Rich soft wanting

LAST WEEK I conducted a creative writing workshop with a group of adult learners in a literacy program in Cherry Hill.

We talked about Lucille Clifton's poem "Sisters" and Langston Hughes' "What Happens to a Dream Deferred?" Participants wrote about their experiences of "connecting." They described their dreams. When we read a selection from Carl Sandburg, "A Father Sees a Son Nearing Manhood," they were particularly thoughtful: "Life is hard; be steel; be a rock." "Life is a soft loam; be gentle; go easy." "A tough will counts. So does desire. So does rich soft wanting."


There was rich soft wanting in the room. I asked the participants to write a few lines of advice to their children. In one message they were consistent: Without exception, they told their children to stay in school, to get an education, or to resign themselves to being poor.

Two days later I was at a bazaar at my parish church on Fulton Avenue. The hall was tastefully arranged with tables of used decorations, second-hand toys and an assortment of donations ranging from talcum powder to kitchen ware. I was working behind the cake counter. The food, pineapple upside-down cake, banana nut bread, apple pie, was donated by parishioners. I was told to use my discretion in pricing the portions. It was difficult for me to remember that the purpose of the event was to accumulate a small profit for the unusually poor parish. I kept feeling that the purpose was to feed the poor who came with their pennies to do some early Christmas shopping.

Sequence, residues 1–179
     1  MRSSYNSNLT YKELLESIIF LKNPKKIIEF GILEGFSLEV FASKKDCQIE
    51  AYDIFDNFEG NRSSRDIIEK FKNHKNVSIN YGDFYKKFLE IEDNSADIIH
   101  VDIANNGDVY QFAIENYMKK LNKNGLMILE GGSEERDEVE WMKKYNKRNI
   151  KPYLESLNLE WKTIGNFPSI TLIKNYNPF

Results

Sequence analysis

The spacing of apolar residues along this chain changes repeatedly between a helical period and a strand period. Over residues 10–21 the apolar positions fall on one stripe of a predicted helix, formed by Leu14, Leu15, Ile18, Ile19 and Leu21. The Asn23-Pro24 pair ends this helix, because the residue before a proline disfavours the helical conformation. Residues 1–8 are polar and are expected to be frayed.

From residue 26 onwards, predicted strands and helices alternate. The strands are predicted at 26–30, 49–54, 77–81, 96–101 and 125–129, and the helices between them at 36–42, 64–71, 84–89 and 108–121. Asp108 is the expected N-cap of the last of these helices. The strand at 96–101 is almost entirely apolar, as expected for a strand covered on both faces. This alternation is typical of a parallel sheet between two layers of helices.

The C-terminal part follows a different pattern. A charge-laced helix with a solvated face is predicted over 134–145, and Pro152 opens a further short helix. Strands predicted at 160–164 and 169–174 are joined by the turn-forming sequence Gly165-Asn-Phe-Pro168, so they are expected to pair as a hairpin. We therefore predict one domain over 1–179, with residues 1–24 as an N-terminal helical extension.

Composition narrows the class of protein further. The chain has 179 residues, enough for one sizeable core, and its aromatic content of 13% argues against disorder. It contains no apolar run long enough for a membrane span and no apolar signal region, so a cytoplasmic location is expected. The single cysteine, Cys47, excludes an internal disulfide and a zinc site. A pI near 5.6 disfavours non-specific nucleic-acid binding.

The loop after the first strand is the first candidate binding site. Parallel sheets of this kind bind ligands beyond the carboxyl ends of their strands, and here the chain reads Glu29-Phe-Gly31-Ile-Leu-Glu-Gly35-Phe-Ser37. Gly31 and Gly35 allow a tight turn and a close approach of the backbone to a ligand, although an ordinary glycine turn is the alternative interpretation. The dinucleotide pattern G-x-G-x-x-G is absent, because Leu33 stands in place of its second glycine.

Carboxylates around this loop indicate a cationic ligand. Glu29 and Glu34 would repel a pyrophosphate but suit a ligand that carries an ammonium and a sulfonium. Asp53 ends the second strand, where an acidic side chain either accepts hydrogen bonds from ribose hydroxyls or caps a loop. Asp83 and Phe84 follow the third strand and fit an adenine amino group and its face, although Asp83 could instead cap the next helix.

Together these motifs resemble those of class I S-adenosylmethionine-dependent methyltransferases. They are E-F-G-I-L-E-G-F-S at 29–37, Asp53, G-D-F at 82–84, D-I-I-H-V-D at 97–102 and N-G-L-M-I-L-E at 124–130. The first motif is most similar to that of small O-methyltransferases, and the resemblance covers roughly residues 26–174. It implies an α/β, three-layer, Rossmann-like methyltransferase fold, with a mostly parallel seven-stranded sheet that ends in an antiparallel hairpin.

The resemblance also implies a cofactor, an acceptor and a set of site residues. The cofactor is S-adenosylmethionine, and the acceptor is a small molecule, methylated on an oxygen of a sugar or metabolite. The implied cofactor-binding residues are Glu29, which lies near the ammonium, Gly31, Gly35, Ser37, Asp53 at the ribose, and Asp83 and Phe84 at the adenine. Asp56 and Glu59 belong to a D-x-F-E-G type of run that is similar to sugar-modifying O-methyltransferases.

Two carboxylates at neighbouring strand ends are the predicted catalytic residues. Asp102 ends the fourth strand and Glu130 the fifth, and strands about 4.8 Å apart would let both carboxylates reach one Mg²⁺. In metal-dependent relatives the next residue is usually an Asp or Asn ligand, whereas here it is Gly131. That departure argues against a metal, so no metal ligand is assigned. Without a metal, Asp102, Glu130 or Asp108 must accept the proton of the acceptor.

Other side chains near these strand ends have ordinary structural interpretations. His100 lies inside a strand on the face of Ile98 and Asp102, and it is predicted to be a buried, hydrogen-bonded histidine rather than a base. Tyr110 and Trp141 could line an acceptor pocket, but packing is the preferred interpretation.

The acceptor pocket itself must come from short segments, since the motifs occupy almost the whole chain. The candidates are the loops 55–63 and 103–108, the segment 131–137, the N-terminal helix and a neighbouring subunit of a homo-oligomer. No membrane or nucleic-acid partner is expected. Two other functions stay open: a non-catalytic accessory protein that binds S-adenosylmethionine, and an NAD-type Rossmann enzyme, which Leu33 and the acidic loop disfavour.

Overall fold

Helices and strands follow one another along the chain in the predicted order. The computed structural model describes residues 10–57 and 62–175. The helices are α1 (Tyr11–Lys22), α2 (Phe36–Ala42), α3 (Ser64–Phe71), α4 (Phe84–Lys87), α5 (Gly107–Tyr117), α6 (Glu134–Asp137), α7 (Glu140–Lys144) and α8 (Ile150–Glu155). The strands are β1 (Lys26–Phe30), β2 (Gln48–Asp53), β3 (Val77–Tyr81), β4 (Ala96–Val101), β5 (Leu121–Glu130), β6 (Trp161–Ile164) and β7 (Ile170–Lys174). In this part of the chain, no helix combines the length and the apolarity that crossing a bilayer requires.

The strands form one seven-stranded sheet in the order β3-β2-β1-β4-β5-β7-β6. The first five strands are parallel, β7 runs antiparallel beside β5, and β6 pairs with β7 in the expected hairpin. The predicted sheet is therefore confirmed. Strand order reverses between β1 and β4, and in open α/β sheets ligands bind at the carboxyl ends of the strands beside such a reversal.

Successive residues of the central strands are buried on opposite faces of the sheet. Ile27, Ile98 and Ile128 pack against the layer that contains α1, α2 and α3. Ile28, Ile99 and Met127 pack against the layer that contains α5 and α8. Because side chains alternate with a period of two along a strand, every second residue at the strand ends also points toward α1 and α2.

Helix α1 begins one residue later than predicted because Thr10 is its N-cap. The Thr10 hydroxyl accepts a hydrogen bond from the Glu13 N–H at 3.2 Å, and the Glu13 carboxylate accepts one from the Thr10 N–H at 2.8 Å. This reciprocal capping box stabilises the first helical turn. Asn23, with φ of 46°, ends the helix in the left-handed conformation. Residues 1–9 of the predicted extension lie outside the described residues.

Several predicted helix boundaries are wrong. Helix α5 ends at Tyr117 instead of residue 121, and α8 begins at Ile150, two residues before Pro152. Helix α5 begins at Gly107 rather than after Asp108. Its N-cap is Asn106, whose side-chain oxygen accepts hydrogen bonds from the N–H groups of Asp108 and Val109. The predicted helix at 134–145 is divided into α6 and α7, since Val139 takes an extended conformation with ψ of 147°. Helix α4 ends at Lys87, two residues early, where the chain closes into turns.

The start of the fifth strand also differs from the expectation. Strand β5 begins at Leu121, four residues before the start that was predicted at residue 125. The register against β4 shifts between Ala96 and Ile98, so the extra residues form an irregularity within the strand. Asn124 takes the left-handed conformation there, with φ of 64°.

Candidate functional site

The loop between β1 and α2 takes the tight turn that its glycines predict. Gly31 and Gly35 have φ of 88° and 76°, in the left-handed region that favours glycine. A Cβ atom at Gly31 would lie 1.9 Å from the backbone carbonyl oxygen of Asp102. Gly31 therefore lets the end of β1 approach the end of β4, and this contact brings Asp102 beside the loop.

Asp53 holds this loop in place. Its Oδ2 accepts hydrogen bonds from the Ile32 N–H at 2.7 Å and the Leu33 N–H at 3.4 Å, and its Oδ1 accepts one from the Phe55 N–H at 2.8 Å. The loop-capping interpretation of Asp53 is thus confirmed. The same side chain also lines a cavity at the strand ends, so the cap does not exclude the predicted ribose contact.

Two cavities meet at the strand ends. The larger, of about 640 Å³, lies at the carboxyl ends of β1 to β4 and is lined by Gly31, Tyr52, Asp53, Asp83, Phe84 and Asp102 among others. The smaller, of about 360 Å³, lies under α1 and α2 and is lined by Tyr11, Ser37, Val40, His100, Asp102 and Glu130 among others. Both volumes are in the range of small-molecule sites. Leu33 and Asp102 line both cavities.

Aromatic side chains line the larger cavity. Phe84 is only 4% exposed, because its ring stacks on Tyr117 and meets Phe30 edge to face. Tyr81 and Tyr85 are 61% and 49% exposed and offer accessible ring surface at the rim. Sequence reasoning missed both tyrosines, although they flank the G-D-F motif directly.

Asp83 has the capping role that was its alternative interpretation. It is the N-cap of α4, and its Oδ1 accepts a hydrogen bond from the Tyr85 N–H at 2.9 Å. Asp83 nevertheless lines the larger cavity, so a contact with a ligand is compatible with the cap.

Recently after four days of rain, I went for my morning walk in a nearby city park. Last summer I had learned to avoid the long road around the north edge of the park because it is too isolated. This day the air was particularly clear and clean, and I forgot. As I approached the most deserted section, a man stepped from behind a tree. He stood a short distance from me, smoking a cigarette.

When I turned, he turned. I changed direction again; so did he. Then I crossed the grass quickly and went down the hill to the center of the park where city workers were about their usual maintenance work. The man was coming across the grass behind me. I approached a young black man who was working with the crew, pointed to the man who seemed to be following me and asked if he would keep an eye on him as I left the park. The young man said he would, and then added, gently, "I have a mother, too."

During the summer I also took to walking the C&O; Canal. I like the walk on the Maryland side, across from Harper's Ferry, where the Potomac River and the Shenandoah meet. On several occasions over the summer I went there with friends to hike and swim. I wonder what opportunity the women and men I teach in Cherry Hill have for such wholesome diversion, where the people on Fulton Avenue go, how the young man who also has a mother sustains his gentleness.

A tough will counts. So does desire, and so does rich soft wanting.

Mary Ellen Dougherty, SSND, is associate professor of English at the College of Notre Dame of Maryland.